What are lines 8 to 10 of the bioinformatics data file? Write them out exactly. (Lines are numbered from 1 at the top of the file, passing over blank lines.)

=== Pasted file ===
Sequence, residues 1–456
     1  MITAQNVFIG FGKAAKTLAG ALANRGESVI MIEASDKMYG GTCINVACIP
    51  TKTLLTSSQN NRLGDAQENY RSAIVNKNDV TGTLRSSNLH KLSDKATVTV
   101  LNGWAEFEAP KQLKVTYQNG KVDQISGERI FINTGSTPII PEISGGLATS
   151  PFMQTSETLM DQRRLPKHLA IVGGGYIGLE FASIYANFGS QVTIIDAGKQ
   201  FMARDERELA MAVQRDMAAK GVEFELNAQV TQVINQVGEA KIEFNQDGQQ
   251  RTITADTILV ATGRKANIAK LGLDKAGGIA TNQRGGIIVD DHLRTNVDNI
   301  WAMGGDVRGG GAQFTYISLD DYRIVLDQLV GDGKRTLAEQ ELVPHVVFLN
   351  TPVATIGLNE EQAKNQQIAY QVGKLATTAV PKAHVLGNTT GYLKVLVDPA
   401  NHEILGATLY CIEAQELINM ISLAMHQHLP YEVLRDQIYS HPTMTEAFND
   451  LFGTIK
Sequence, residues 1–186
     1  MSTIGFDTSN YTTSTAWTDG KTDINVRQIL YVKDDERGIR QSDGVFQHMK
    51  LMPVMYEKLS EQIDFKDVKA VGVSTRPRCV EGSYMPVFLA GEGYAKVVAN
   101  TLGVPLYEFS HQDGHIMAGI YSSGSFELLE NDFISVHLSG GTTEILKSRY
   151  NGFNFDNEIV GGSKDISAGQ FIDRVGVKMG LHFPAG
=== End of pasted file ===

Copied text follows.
   301  WAMGGDVRGG GAQFTYISLD DYRIVLDQLV GDGKRTLAEQ ELVPHVVFLN
   351  TPVATIGLNE EQAKNQQIAY QVGKLATTAV PKAHVLGNTT GYLKVLVDPA
   401  NHEILGATLY CIEAQELINM ISLAMHQHLP YEVLRDQIYS HPTMTEAFND